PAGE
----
No-deal Brexit will hit UK economy hard, warns IMF
PUBLISHED: 18:18 14 November 2018 | UPDATED: 18:18 14 November 2018
PA Archive/PA Images
The International Monetary Fund has warned Theresa May the UK economy will suffer a brutal hit if the country crashes out of Europe.
Become a Supporter
The New European is proud of its journalism and we hope you are proud of it too. If you value what we are doing, you can help us by making a contribution to the cost of our journalism
In a cutting assessment of the worst Brexit outcomes, the IMF said the level of gross domestic product (GDP) would be between 5% and 8% lower if the UK leaves the EU without a free trade deal.
This is compared to the projections for a scenario in which the UK remains in the EU.
The estimates assume a transition to World Trade Organisation (WTO) rules, which would mean higher tariffs on goods trade between the UK and EU.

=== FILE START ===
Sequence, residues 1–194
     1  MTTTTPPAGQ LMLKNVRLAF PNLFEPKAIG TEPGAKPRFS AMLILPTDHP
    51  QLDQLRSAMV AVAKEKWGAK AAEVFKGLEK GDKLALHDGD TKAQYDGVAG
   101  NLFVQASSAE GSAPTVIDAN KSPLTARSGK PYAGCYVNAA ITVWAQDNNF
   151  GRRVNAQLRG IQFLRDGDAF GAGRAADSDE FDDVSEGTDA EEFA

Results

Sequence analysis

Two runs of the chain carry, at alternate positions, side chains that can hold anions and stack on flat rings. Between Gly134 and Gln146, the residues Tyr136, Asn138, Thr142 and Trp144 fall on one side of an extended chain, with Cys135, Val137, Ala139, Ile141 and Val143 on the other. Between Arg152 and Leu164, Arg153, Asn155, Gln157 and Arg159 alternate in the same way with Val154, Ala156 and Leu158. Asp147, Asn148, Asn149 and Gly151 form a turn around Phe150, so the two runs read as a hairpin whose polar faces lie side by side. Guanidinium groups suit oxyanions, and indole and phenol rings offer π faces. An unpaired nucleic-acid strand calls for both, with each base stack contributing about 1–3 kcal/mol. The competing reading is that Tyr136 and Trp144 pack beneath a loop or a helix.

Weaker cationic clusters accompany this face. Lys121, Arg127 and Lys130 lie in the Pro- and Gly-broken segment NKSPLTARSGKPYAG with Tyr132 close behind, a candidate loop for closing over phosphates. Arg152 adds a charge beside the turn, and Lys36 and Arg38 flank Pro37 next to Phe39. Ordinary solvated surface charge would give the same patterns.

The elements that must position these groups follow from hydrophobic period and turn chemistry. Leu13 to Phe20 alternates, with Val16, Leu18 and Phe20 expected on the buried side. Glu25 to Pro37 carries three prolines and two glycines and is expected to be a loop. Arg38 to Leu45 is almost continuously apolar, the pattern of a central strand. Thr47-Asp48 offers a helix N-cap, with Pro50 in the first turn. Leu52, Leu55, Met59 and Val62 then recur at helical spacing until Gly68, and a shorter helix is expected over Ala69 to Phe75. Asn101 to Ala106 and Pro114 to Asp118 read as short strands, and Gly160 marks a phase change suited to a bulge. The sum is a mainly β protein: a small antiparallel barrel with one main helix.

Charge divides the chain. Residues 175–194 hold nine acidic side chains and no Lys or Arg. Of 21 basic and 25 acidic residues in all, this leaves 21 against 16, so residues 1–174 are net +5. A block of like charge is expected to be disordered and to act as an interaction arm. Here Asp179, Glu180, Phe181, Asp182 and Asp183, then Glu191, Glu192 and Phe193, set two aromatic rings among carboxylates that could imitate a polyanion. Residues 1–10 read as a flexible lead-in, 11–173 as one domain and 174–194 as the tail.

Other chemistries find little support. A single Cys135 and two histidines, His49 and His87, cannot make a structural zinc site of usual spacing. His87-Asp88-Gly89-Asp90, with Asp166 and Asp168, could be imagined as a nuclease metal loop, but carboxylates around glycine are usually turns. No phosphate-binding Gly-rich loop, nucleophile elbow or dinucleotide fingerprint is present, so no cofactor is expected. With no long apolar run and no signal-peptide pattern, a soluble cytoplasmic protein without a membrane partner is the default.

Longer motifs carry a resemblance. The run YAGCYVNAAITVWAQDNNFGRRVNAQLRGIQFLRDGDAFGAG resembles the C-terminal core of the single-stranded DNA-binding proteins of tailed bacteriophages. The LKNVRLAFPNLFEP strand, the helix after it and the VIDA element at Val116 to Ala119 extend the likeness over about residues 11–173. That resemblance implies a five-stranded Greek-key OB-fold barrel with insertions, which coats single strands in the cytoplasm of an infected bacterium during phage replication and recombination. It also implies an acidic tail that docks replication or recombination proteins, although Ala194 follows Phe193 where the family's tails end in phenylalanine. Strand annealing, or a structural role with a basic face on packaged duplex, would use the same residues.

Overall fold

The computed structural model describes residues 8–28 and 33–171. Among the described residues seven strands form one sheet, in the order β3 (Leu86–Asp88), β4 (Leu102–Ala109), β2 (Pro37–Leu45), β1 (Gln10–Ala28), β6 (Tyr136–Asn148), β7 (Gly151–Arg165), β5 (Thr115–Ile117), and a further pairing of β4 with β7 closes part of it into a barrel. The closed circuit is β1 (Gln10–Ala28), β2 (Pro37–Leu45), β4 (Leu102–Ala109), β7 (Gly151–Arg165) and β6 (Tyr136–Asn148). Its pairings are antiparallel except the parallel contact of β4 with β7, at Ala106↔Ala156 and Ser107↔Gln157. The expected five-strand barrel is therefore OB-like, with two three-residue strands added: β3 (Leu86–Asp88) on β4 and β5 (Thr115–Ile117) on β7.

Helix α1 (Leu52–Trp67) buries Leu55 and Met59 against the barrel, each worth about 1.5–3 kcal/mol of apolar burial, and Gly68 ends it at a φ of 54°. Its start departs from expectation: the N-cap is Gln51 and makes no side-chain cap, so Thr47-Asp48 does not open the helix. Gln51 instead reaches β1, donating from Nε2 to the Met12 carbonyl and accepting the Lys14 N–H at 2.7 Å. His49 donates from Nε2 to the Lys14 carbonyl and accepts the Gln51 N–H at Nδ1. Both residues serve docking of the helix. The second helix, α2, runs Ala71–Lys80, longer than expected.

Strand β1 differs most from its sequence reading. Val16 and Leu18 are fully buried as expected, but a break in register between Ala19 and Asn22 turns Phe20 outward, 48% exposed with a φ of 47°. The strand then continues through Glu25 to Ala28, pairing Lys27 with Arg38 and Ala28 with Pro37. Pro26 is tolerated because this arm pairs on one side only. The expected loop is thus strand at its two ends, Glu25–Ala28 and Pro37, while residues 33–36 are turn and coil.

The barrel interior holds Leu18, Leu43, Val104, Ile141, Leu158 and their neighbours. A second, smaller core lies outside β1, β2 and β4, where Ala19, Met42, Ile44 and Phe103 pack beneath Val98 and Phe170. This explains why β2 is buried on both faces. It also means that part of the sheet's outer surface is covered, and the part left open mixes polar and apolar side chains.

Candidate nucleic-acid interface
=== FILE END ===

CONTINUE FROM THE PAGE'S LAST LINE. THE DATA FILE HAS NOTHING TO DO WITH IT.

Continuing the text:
Under a free trade agreement, Britain’s GDP would likely fall by between 2.5% and 4%, according to the report.
IMF managing director Christine Lagarde said a no-deal Brexit would “impose a very large cost on the UK economy”.
The IMF said without a deal, a significant increase in trade barriers “will lead to lower production, investment and exports”.
Financial services are expected to be particularly hard-hit by disruption due to contractual and operational challenges.
A sharp decline in confidence following a no-deal exit would also raise the risk of a period with higher inflation but lower earnings and GDP.
Further weakness in the pound would also hit household real incomes, while property prices would likely drop.
In addition, the no-deal scenario could have negative economic consequences for the rest of the EU due to higher trade barriers and a possible increase in the cost and availability of financial services.
Become a Supporter
The New European is proud of its journalism and we hope you are proud of it too. We believe our voice is important - both in representing the pro-EU perspective and also to help rebalance the right wing extremes of much of the UK national press. If you value what we are doing, you can help us by making a contribution to the cost of our journalism.